CEI Comments On The Food And Drug Administration's Commercial Speech Rules

CEI Comments On The Food And Drug Administration's Commercial Speech Rules

September 13, 2002

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Introduction

The Competitive Enterprise Institute (CEI) is a non-profit public interest organization committed to advancing the principles of free markets and limited government. CEI has a longstanding interest in protecting and expanding consumer choice in the marketplace, and in opposing overregulation of commercial speech.

This request for comments represents a welcome departure from FDA’s prior treatment of First Amendment concerns in the context of product advertising, labeling, and promotions. Over the past decade, FDA has aggressively restricted the information that can be disseminated by manufacturers regarding the health benefits of foods, drugs, and dietary supplements. In doing so, the agency has essentially ignored the substantial body of Supreme Court precedent protecting the commercial use of factually accurate information about products and services. Manufacturers wishing to use unapproved health information were often forced to file suit in federal court.

FDA’s policy has been less than satisfactory, both for manufacturers and consumers. Even after agency speech restrictions were found unconstitutional, FDA would continue to pursue its restrictive policies, either by devising new explanations for banning the speech at issue, or by refusing to undertake the court-ordered administrative actions in a timely fashion. These delaying tactics have necessitated years of litigation, which in some instances has continued long after the speech restrictions at issue were initially determined to violate the First Amendment. Further, the agency has construed each decision to narrowly apply only to the specific speech at issue.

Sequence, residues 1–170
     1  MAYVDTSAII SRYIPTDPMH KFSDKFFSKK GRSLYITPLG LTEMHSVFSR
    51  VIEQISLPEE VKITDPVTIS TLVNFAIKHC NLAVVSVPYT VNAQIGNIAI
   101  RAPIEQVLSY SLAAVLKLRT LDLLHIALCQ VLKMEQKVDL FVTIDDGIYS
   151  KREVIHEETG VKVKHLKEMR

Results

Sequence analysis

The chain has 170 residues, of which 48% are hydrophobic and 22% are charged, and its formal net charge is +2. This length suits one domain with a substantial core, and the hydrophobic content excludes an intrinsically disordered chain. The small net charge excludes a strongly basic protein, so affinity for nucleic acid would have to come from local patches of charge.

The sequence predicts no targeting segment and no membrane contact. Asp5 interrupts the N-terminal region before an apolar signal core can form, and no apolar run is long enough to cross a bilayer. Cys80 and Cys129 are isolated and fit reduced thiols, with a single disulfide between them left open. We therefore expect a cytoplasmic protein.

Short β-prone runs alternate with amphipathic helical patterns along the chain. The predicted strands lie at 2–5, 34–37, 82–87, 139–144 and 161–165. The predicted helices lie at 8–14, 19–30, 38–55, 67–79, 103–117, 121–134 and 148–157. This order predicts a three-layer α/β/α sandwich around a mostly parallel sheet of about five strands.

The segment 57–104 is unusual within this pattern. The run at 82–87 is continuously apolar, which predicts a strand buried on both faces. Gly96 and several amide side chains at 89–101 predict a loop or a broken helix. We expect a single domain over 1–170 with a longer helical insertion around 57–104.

In effect, FDA had been content to flout the First Amendment, and continue banning a considerable volume of product information, defying the affected parties (manufacturers or consumers) to undertake the lengthy litigation necessary to vindicate their rights. The chilling effect of this policy has deprived the public of a wealth of potentially beneficial product information.

There is, however, a notable exception to this attitude—FDA’s stand against mandating certain statements on bioengineered foods and related products. As describedbelow (pages 8-11), on many occasions, FDA has resisted petitions to require mandatory labels on such products. FDA’s denials of these petitions have been based on scientific grounds; specifically, on FDA’s view that the information at issue was not material. In fact the First Amendment adds further support to these agency actions. The First Amendment not only protects truthful speech; it also protects the right of manufacturers to be free from mandated speech unless there are compelling reasons for such mandates.

CEI applauds FDA’s effort, through this request for comments, to proactively and comprehensively modify its policies to comply with First Amendment jurisprudence. As will be discussed below, this body of precedent requires several changes in FDA’s treatment of manufacturer requests to use product information.

This body of precedent may also require changes in FDA’s interpretation of its underlying statutes. FDA states that it “intends to defend the [Food, Drug, and Cosmetic Act] against any constitutional challenges ….” 67 FR 34,943. Nonetheless, FDA has a duty to construe that act in a manner that will avoid First Amendment issues to whatever extent possible. The Supreme Court has noted its “prudential desire not to needlessly reach constitutional issues and [its] assumption that Congress does not casually authorize administrative agencies to interpret a statute to push the limit of congressional authority.” Solid Waste Agency of  Northern Cook County v. U.S. Army Corps of Engineers, 121 S. Ct. 675, 683 (2001). FDA should do likewise.